The study also indicates that the popularity of store brands in grocery stores is having a halo effect in other store formats. Store brands are poised to spread further beyond supermarkets and specialty food stores into nongrocery outlets such as Home Depot or Staples, or even the Internet. About one-fifth of all consumers reported that they already frequently buy the private-label versions of health and beauty products, home office products, household products and home improvement products regardless of the type of stores in which they are sold.
Other key findings of Star Power: The Growing Influence of Store Brands in the U.S., include:
Almost half of those interviewed said their regular shopping basket now contains one-quarter or more of store brand products. Nearly four in 10 consumers reported that they are now more aware of supermarket private label products than they were a year ago, and almost half indicated that their awareness is greater now than it was five years ago. By some measures of consumer purchasing, U.S. store brands are reaching the same level as in Great Britain, long considered the strongest national market for private label. This suggests that U.S. store brands may eventually reach British store-brand penetration, which now surpasses 40% of retail sales, twice as high as in the United States.
Second, U.S. retailers are placing an ever-increasing amount of emphasis on developing private-label brands to drive sales growth, particularly in the center store. Unfortunately, many private-label strategies are not rooted in a solid understanding of changing consumer attitudes, said Private-Label Report: Understanding Emerging Trends & Key Success Factors in Private Label, a new report from Information Resources Inc. (IRI), Chicago.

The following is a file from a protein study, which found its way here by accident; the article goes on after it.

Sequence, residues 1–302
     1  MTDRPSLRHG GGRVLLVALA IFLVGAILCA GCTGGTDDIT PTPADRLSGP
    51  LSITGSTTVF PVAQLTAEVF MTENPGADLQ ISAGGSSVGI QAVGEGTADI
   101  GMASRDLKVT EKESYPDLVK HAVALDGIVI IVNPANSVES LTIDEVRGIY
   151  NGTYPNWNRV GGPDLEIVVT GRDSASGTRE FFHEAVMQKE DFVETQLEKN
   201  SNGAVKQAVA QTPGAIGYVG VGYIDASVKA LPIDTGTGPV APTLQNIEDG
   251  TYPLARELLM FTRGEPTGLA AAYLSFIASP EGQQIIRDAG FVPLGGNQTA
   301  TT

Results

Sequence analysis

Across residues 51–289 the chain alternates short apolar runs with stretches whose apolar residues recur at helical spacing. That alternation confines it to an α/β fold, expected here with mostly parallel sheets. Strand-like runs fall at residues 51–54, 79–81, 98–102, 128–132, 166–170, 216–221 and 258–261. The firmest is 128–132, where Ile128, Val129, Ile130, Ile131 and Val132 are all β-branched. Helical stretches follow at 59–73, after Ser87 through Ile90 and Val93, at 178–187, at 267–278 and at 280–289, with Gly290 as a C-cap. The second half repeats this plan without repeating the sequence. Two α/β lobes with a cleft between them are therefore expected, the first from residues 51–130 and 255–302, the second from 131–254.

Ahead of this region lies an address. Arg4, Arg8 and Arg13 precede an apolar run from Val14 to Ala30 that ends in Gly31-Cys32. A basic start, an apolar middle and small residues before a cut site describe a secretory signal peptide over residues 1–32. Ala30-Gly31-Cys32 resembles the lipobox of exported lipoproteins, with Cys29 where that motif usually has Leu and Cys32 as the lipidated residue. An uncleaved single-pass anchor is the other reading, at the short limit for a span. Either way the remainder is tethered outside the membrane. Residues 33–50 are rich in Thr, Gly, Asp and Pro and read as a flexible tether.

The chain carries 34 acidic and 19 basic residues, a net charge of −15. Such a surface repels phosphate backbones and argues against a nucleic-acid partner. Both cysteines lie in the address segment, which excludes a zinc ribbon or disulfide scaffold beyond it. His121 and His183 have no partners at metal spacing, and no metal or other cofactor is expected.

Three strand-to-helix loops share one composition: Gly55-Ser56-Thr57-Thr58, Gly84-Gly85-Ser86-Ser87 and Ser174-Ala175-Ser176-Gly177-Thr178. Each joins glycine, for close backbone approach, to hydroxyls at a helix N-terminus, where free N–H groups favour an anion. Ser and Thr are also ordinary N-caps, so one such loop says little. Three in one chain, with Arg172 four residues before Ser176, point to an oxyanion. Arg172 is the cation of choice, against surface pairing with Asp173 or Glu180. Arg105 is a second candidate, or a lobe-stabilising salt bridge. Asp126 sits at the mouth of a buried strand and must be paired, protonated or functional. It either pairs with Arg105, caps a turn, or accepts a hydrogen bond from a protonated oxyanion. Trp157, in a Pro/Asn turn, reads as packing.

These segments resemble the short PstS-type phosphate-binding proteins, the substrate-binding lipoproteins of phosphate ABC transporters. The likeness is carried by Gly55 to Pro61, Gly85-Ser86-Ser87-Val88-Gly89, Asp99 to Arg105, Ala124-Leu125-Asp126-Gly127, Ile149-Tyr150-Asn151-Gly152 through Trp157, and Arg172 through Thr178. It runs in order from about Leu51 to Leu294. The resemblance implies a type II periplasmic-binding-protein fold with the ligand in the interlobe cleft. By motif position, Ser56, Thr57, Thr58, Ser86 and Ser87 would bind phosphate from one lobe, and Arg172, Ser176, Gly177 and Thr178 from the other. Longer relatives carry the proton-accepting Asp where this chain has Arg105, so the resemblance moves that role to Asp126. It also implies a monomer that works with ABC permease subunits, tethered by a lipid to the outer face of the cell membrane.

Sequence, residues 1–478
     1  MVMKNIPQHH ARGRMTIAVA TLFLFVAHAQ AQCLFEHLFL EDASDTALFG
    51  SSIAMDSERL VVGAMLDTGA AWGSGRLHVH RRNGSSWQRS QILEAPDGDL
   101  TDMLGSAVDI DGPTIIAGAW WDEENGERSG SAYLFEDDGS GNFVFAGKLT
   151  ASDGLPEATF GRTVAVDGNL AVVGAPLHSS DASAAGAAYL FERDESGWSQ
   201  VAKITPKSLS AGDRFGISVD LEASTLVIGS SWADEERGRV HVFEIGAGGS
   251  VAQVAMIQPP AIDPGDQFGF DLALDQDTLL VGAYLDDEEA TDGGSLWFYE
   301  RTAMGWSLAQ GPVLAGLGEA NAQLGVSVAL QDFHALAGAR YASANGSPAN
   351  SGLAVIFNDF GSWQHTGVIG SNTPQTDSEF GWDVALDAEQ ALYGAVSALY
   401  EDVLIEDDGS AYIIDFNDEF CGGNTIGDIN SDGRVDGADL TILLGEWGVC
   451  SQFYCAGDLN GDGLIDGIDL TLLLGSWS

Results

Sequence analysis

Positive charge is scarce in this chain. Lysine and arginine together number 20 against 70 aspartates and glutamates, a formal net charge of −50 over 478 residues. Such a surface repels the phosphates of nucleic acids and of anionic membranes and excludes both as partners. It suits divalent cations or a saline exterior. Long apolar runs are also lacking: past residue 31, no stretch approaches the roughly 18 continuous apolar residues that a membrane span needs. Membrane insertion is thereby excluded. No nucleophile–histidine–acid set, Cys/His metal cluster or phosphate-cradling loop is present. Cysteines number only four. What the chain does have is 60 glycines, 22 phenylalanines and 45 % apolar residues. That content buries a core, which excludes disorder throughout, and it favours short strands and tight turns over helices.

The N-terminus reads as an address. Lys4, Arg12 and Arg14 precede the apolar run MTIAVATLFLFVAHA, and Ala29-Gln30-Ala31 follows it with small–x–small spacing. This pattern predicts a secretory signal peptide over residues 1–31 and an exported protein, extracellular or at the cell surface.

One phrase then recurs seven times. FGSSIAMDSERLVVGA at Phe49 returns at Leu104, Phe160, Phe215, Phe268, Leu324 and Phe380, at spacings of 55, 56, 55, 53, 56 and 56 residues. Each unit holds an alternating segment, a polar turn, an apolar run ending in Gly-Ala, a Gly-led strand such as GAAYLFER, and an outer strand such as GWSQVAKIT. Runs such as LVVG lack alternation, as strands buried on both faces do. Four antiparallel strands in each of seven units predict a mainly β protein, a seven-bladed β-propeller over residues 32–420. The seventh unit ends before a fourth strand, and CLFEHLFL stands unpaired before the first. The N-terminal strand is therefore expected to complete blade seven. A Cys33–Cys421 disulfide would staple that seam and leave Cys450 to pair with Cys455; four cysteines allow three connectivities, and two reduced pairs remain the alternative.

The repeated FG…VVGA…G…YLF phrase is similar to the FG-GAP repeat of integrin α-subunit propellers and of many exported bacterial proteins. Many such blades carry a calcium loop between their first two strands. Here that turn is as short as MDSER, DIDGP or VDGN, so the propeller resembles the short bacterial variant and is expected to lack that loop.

Sales of private-label products in the United States are nearly $50 billion per year and command a 16% share in total consumer packaged goods (CPG), but there remains a huge business opportunity for retailers, said president of IRI retail solutions and strategic consulting Thom Blischok.
Retailers are evolving their private-label focus from an item augmentation/differentiation strategy to more of a consumer-centric strategy, so that private label becomes a valued long-term innovation-driven staple in the home. Having only manufacturer-focused insights is no longer enough, he added.
The report's key insights include:
Private label is positioned to grow in both healthy and struggling economies. A high propensity to buy private label among younger households bodes well for future private-label growth. Given that grocers are beginning to scale back center-store square footage, the growing presence of private label will increase the likelihood that second- and third-tier national and regional brands will lose shelf space and SKUs. Branded manufacturers believe that retailers have successfully closed the gap with their private-label brands in terms of product quality and innovation in many key categories. Manufacturers are focusing their resources to determine how to create space between their brands and private label in the minds of consumers.